Never Give Up

Last year was not a good year for me artistically.  There were less places locally to exhibit paintings than there used to be.  And no one seemed to be interested in my work.  I signed up for Art Walk in October, when people visit local artists at their homes or studios.  In addition to the numerous paintings on the walls of my basement gallery, I put out a stack of older work I wanted to get rid of at greatly reduced prices.  The only painting I sold all year was one from that stack.

It made me wonder what was the point in painting if all I was doing was piling up art nobody wanted.  But for some of us not being creative does not seem to be an option.  We are simply programmed to be artists.  We can’t help it.  The same seems to be true of writers and musicians.  So I gave a few paintings as gifts and kept on creating.

Then came more bad luck.  My computer stopped working and went away for repairs for almost a month.  Computers are vital to just about everyone these days, including artists.  I couldn’t add photos of new paintings to those already on the computer or print them.  The records of my work were on my computer.  And I couldn’t write on my blog or enter art shows that these days have to be done on a computer.  When my computer finally returned I found a new Microsoft system on it and even more frustrating a whole new picture system, Adobe Elements 14, that is probably a good system if I could understand how it works.

But then suddenly things began to change for the better.  My daughter referred a woman to me who wanted a painting of a dog, now deceased, that had been her husband’s favorite.  She provided a photo.  I hadn’t done a dog in years but I rashly said yes and agreed to do it in pastels, a medium I don’t usually work in.  The result is below.  (I wanted to put it above but somehow couldn’t.)  The woman was pleased with the portrait of “Benny,” which was to be a gift for her husband.

Several more sales followed.  I participated in Art in the Park and sold a painting of a Bradford pear tree.  I joined the plein air painters at the Overland Park Arboretum spring event and sold a painting from it.  A relative bought a painting to give as a gift.  So I guess I’ll just keep on keeping on.  The process itself is irresistable.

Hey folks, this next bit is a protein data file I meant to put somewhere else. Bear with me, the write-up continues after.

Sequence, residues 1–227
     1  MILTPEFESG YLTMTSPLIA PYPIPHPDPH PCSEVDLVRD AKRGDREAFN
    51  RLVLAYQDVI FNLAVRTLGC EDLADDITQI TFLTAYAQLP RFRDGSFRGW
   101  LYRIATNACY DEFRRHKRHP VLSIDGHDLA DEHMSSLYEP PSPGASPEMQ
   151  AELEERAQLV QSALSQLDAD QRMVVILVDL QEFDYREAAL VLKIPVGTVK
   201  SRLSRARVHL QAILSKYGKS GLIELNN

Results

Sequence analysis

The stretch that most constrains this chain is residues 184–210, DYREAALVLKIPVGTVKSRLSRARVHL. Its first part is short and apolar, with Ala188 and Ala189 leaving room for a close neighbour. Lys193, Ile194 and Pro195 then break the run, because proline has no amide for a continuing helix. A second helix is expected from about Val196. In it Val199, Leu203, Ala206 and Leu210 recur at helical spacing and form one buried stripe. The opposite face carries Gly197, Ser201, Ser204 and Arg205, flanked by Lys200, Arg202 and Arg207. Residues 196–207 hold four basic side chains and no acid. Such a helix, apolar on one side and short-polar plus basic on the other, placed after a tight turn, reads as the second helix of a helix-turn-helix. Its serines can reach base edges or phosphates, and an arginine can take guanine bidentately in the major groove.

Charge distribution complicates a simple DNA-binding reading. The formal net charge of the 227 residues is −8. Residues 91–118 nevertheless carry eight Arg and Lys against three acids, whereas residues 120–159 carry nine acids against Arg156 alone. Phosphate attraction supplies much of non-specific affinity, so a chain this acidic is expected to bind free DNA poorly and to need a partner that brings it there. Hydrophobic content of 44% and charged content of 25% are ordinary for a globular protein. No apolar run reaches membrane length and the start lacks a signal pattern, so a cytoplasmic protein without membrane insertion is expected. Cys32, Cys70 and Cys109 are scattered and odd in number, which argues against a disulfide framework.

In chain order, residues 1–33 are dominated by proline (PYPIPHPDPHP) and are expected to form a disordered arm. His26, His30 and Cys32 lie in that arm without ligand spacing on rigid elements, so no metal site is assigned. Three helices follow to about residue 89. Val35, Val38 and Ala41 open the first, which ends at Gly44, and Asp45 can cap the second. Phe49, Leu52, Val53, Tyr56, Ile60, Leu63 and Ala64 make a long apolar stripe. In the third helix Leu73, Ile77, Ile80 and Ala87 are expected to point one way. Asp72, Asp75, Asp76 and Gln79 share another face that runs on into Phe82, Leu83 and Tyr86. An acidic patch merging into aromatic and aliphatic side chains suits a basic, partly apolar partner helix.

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Seizing the Moment

Here in Lawrence, Kansas, spring arrived early this year.  All of a sudden the landscape was bursting with color, especially the trees.  While it was still late March the Bradford pear trees turned white with blossoms.  The redbuds and flowering crab apple trees soon followed.  Now the neighborhoods are also filled with lilacs and the young cherry tree in my back yard is covered with blooms.  What an inspiration for a painter.

But these very colorful sights are also very fleeting.  A tree that is in full bloom one day may in a spring storm send petals to the ground.  If you want to capture some of this beauty with paint you’d better not put it off.  Coming out of exercise class one morning I noticed a row of blooming Bradford pear trees across the street.  But I was in a hurry and didn’t stop to photograph them. Passing that way in the afternoon I did stop but somehow the scene was not the same.  The light was coming from a different direction and that made a difference.  Fortunately, I had enough sense to go back the next morning and photograph them and I have started a painting.

But actually painting on site is so much better.  When I was driving out in the country to paint at an artist friend’s house, I noticed her blooming Brandford pear tree long before I reached the house and that’s what I decided to paint chosing an 18″ x 14″ canvas with wide enough stretchers not to need a frame.  I was faced with a very windy day.  But I was determined not to waste this opportunity.  So I painted in my car, even though the car I have now is very small.  And I will remember the beauty of springtime whenever I look at that painting.

So when you see one of these glorious sights of spring, seize the moment.  Take a photo if you must or better yet don’t put off setting up your easel outside.  This is one of the best times of year to paint.